Affordability and accessibility are essential if all Australians are to participate in an increasingly digitally-dependant society. However, the recent Digital Inclusion Index noted that people with a disability are some of the most digital excluded people groups in Australia. Helping people find the right technology is also a large part of the challenge, especially in specific cases such as the ones listed on the Affordable Access website.

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Read full article at Source: New Guide for Affordable and Accessible Technology Now Available Online | Go Digi

17 Adjustments You Can Make to Your Website  for Better Accessibility

Web developer Mary Gillen shares 17 adjustments you can make to your website today that make it more accessible to visitors with disabilities. WCAG 2.0

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Read full article at Source: 17 Adjustments You Can Make to Your Website Today That Make It More17 Website Adjustments You Can Make Today for Better Accessibility Accessible to Visitors with Disabilities |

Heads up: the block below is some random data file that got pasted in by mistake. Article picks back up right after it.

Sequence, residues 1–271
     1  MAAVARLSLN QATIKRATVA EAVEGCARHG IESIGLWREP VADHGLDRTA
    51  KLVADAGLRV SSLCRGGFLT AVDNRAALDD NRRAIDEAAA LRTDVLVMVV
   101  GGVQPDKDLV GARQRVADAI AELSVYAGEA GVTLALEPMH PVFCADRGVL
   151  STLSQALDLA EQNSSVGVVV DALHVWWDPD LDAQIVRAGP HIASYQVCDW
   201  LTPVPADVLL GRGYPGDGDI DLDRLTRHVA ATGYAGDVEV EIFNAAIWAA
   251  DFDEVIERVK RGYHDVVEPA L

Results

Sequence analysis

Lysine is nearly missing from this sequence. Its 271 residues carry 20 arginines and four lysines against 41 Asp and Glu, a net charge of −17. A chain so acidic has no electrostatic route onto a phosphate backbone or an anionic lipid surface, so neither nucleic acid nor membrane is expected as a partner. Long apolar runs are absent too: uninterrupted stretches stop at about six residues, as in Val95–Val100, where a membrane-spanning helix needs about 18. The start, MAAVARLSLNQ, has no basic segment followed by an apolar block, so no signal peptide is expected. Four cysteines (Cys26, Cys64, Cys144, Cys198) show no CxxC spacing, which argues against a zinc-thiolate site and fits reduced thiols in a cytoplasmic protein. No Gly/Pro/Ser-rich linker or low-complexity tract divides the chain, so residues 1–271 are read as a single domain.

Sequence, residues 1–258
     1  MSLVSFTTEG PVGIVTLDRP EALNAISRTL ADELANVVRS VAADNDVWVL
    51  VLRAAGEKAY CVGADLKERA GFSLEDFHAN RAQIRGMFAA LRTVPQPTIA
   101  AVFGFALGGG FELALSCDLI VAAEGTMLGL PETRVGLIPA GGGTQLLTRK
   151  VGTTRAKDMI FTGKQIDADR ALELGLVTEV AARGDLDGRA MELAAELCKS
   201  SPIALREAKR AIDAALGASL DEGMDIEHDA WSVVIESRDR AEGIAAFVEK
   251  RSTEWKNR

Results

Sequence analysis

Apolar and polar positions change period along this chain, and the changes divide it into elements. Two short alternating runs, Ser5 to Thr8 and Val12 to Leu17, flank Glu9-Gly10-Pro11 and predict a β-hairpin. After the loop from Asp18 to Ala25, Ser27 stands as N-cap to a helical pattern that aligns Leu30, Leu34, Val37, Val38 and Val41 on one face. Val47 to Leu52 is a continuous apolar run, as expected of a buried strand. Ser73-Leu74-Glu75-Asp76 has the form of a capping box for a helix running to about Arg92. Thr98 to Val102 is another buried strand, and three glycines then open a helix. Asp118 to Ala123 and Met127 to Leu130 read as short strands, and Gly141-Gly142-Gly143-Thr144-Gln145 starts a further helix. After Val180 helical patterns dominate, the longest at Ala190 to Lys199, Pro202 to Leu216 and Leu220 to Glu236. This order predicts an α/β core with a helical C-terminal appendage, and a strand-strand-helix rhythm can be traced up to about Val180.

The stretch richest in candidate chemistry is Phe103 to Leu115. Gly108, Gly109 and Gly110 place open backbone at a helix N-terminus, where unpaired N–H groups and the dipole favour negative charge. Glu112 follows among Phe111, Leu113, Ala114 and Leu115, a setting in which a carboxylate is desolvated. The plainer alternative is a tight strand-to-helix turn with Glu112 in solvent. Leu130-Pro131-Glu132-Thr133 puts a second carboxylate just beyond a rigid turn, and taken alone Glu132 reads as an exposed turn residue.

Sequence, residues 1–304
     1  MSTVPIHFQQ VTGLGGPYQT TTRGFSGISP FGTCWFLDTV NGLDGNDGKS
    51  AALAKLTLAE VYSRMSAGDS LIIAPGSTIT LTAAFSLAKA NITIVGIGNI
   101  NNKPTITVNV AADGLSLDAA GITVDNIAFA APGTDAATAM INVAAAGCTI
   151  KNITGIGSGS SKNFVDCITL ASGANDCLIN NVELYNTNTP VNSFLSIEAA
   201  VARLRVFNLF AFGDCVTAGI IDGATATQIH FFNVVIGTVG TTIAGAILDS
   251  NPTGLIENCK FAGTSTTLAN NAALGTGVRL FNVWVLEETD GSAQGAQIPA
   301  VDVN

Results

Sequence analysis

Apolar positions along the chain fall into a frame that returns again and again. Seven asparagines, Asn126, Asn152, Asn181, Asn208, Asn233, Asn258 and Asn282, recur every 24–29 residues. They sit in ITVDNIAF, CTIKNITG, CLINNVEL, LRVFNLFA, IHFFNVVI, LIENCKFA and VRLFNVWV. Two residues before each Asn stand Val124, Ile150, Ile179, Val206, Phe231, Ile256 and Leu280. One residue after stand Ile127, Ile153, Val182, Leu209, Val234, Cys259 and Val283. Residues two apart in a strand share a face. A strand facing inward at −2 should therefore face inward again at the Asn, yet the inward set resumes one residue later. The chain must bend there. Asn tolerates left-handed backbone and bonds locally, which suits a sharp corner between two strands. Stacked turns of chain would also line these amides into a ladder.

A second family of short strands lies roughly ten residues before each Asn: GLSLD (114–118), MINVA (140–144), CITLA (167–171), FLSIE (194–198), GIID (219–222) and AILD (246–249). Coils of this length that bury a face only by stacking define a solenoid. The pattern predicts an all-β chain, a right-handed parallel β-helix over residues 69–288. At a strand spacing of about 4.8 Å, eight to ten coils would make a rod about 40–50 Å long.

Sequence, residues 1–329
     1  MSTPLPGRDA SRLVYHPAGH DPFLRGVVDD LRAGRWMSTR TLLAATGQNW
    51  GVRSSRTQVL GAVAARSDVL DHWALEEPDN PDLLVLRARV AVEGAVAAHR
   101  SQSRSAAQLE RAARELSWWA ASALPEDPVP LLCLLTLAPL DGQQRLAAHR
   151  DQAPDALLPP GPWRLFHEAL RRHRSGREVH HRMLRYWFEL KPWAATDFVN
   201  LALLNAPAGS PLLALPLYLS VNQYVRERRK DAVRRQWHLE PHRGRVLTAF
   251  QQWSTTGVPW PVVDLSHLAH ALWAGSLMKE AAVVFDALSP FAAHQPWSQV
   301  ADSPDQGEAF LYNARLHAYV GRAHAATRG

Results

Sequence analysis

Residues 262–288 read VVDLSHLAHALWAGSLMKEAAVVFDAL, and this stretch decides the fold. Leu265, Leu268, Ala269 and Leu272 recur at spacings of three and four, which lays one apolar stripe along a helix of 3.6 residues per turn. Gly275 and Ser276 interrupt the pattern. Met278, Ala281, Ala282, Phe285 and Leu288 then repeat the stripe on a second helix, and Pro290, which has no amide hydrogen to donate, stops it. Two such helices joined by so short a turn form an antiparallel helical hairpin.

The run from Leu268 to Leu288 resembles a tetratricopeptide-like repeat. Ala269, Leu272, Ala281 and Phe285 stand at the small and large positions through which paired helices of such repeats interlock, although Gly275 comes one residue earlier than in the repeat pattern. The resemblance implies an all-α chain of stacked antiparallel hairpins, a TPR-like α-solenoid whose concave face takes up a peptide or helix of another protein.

Simple Ways to Make Your WordPress Site Accessible

Web site accessibility has been a lingering issue on the Internet for quite some time. However, with several laws in the US pushing website accessibility as a primary feature in public and private web entities, it has affected the Internet on a wider scale.

Accessibility has been proven to be beneficial to websites, public or businesses alike. Certain sites were slapped with legal complications, like this court case of a visually impaired handicap versus a luggage company. This also creates a positive PR for your website; social responsibility is a desirable trait that often gets a nod from the online community.

On the other hand, it positively affects your website’s search engine rankings as well. Website accessibility is good for SEO, as making your website accessible requires you to input text that can be read by screen readers and web crawlers alike.

It improves usability for the handicapped and non-handicapped. It also broadens your market reach. In the UK alone, since 2015, the number of disabled adults who had used the internet in the last 3 months has increased by 6.8% to 8.6 million in 2016. Imagine reaching out to 8.6 million more visitors and prospective buyers!

The disabled may be a minor group, but there’s strength in their numbers. The following simple tweaks will help your website gain more followers as you make your site accessible to all:

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Read full article at Source: Simple Ways to Make Your WordPress Site Accessible